Archives for Quote of the Week

Quote of the week – May week #1: Fountain Ravine Original

“I boldly lay down flat and wriggled along the upper shelf of rock until I could drop on to the narrow ledge below. Along this six inch ledge I cautiously went crab-fashion.” – Extract from an article by Annie Wilson in the 1900 Journal of the Mountain Club of South Africa, describing her climb up the Fountain Ravine Original route, Table Mountain – In her article,
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Quote of the week – April week #3: How long to hike Table Mountain?

“How long to get upstairs?” Question by a German hiker wanting to know the duration of our proposed route up Table Mountain.   Hiking up Table Mountain can take anything from 25 minutes (time achieved by some trail-runners  up the easiest route) to 34 days (time taken by an eighteenth-century expedition to survey the mountain and botanize along the way). The average times taken to
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Quote of the week – April week #2: Table Mountain adventure

“Where the ledge ends, the leader ties on and passes round a bulge. Anything more sensational could not be wished. He finds himself on a little ledge, a few inches wide, split, fissured, looking like a row of crazy unstable tiles. He sees nothing below except the slope eight hundred feet below, while the face above presses him outwards. Carefully he works his way around.
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Quote of the week – April week #1: The Spirit of the Mountains

“Our route mattered little. We seemed to float up the lower slopes with a minimum of effort; over small pitches of rock; into little heather-choked gullies; and up onto a mountain’s crest. Rocky peaklet followed rocky peaklet and we flitted from top to top until, after what seemed merely minutes but was probably hours, we arrived at the main summit. We had climbed a mountain
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Quote of the week – March week #4: Valley of the Red Gods

“For the Red Gods call me out and I must go.” Rudyard Kipling – ‘The Feet of the Young Men’ (1897) So what does that have to do with Table Mountain hiking? Nothing, except for a single thread of detail: There is a hollow on Table Mountain called Valley of the Red Gods, located on the 12 Apostles at the head of Jubilee Ravine. It’s
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Quote of the week – March week #3: Table Mountain meditation

“In the mountains stillness surges up to explore its own height.” – Rabindranath Tagore – Of the many joys and delights experienced when hiking Table Mountain, peace and quiet ranks high up in my books. A few weeks ago, I was sitting in dense mist and windless conditions near the edge of a very high cliff located on a remote part of Table Mountain. It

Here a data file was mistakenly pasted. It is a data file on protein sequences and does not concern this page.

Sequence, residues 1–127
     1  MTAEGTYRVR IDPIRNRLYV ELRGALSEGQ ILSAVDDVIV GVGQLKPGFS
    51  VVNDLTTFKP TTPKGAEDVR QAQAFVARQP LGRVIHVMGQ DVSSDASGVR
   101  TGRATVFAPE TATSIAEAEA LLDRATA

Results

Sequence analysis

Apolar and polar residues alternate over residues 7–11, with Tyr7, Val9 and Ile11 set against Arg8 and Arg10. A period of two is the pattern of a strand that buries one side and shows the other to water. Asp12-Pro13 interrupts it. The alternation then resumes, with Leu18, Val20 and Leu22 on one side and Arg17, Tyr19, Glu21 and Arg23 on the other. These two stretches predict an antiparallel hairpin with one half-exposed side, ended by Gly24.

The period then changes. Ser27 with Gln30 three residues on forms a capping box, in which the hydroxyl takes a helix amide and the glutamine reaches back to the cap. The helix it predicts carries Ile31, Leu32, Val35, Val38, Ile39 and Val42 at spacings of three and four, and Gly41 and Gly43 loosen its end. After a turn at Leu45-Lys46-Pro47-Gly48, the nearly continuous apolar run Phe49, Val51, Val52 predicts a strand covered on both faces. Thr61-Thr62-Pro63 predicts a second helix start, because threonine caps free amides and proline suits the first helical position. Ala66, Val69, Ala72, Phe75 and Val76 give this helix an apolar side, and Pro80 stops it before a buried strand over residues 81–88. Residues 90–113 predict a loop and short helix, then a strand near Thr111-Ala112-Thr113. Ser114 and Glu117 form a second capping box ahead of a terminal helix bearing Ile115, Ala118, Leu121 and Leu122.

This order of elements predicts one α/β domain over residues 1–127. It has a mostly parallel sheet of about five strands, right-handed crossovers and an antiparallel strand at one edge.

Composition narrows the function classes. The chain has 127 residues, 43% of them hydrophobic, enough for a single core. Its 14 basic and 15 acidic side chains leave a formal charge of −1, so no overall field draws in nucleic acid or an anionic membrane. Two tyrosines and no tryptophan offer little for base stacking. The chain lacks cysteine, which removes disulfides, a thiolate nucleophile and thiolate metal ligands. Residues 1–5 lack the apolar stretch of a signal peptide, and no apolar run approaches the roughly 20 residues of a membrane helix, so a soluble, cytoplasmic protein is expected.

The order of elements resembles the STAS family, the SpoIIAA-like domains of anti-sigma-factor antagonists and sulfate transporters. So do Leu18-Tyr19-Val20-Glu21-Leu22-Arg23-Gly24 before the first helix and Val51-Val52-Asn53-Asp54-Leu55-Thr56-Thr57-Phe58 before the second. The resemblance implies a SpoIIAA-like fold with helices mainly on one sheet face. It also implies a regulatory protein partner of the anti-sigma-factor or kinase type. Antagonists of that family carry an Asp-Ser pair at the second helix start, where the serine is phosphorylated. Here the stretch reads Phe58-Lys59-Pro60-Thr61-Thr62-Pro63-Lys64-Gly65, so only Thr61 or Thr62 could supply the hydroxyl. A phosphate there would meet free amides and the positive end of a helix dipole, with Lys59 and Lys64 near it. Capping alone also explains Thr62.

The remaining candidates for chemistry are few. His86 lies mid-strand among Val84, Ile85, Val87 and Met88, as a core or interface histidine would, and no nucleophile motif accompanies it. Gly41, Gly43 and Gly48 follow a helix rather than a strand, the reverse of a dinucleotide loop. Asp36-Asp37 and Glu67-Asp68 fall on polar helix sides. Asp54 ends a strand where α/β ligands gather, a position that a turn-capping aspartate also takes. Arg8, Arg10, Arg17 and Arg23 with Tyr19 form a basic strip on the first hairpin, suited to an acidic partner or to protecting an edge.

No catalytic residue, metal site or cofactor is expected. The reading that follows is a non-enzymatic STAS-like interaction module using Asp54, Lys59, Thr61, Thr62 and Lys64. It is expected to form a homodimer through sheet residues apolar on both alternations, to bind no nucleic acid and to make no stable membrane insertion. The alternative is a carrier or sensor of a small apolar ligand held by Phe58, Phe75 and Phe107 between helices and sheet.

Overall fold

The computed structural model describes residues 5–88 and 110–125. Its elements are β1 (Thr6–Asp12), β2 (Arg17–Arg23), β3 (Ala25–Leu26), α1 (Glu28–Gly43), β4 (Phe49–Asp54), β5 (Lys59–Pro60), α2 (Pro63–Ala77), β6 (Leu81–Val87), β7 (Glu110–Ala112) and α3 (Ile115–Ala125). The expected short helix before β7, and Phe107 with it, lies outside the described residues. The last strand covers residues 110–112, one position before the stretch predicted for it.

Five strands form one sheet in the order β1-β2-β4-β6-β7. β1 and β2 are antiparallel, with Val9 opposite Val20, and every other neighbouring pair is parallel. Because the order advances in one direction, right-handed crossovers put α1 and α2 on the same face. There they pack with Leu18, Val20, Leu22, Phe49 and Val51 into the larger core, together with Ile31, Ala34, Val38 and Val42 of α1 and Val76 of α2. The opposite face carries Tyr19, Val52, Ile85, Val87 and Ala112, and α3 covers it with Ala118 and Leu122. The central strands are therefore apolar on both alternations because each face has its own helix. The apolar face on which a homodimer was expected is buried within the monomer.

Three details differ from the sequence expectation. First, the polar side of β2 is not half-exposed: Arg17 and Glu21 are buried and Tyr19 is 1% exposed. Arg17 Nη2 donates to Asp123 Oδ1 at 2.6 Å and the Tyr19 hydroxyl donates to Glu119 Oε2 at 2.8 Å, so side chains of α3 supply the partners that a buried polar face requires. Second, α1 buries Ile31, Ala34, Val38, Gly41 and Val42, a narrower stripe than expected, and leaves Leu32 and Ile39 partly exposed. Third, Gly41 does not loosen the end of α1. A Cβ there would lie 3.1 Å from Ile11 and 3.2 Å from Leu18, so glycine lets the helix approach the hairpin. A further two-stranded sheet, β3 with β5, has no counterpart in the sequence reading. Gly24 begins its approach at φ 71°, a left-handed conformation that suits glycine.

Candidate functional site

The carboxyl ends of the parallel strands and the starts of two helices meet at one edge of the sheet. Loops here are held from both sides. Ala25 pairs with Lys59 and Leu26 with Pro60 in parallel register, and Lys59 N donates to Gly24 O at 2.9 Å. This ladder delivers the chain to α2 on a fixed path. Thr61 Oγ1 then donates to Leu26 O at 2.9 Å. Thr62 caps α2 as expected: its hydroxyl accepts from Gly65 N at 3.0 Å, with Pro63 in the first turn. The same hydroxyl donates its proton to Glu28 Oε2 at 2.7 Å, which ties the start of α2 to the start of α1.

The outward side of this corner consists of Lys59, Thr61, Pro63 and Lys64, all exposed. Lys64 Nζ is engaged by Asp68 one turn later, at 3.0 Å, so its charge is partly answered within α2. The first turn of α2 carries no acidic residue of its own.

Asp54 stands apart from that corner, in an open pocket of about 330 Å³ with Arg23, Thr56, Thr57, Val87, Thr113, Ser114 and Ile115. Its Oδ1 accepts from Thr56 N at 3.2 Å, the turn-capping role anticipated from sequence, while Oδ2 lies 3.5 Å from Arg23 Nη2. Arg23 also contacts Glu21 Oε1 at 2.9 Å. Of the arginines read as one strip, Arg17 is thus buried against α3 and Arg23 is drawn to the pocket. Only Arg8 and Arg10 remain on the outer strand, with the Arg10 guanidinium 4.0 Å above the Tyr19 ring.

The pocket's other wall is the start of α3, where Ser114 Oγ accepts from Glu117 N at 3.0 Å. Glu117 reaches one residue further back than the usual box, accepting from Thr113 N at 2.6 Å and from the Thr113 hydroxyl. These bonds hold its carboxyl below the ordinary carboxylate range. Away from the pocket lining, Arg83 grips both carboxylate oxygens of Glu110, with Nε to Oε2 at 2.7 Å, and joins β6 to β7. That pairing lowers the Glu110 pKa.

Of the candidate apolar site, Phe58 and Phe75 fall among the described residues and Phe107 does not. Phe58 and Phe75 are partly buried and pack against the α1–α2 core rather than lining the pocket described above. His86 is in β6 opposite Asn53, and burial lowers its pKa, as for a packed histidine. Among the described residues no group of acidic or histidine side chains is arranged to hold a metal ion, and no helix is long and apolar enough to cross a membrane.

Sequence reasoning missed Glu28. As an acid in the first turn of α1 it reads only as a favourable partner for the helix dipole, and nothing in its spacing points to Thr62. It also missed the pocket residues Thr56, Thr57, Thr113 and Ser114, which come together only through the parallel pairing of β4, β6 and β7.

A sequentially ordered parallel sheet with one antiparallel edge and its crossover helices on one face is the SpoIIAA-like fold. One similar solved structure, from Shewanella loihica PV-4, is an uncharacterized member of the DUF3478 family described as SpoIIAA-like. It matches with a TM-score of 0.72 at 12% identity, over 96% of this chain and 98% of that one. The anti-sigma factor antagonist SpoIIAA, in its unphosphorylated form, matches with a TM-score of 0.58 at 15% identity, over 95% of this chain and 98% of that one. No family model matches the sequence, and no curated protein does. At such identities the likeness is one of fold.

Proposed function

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Quote of the week – March week #2: Table Mountain hiking adventure

“If adventure has a final and all-embracing motive, it is surely this: we go out because it is our nature to go out, to climb mountains, and to paddle rivers, to fly to the planets and plunge into the depths of the oceans… When man ceases to do these things, he is no longer man.” – Wilfred Noice – Hiking up Table Mountain the other
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Quote of the week – March week #1: hiking Table Mountain in less-than-perfect weather

“The best thing one can do when it’s raining is to let it rain.” – Henry W. Longfellow – If there’s one thing that can make or break your experience of hiking Table Mountain, then it’s the weather. Every adverse weather condition impacts on hiking in a different way: wet conditions mean slippery rock, so scrambles are trickier to negotiate; cloud means no views, complicating
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Quote of the week – February week #4: The spirit of the mountains

“One should not seek for a mere scrambling ground among the mountains, but rather for their spirit.” – Extract from an article in the Journal of the Mountain Club of South Africa, 1934 – A noble thought, though esoteric and a bit dogmatic. Seek whatever you want in the mountains, as long as you carry your trash out and respect nature as well as other
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Quote of the week – February week #3: Table Mountain retrospection

“Acquaintance with the mysteries and beauties of Skeleton Gorge or the Window was confined to a very few stalwarts, and these ravines were the field of the wood cutter, the wood gatherer and a few furtive wanderers, whose occupations were somewhat obscure, their only obvious activity being the hawking of ferns and plants. But few of the rest of the community penetrated to the haunts
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